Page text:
If you are receiving this email, you have either expressed interest in the Council for 16,000* initiative in the past, or were instrumental in its development. We are tremendously grateful for everyone’s support and ideas, and it is our pleasure to update you on the initiative’s most recent developments, as well as the exciting outcomes from our summer convening at the Johnson Foundation’s Wingspread conference center.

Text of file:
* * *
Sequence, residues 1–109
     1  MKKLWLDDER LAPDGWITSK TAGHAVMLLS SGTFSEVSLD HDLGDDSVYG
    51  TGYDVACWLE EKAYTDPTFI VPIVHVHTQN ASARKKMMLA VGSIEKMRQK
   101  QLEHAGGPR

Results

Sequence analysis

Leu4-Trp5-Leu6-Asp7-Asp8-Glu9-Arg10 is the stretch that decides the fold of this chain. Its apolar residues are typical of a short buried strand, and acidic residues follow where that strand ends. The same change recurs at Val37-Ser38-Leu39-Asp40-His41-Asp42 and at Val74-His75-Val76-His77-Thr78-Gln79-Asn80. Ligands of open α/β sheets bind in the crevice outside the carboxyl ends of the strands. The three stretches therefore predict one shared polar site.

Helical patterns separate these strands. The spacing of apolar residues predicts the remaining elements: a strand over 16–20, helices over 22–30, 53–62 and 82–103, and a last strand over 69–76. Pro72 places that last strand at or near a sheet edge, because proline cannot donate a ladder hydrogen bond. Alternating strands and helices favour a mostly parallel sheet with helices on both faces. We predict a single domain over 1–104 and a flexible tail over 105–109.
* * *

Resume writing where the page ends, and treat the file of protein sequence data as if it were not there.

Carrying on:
As you know, the ability of grassroots base-building organizations and big green groups to effectively collaborate to advance common goals has been a persistent obstacle within the environmental movement. This summer, grassroots groups, large, national green groups and philanthropy launched a collaborative initiative to address this challenge. From July 8-11, 40 representatives from these sectors convened around a simple hypothesis—that to increase the collective impact of the environmental movement, we need to increase alignment and equity within the movement overall. In other words, grassroots organizations must be able to expand and contribute their base-building capacity in a meaningful way (equity) and various parts of the movement must be working with a common strategy and purpose (alignment). Yet rather than dictating how the groups should achieve these goals, we worked to ensure their ideas, needs, and desires led the agenda, allowing relationship-building to support the co-creation of a group-led vision and strategy. Continue Reading →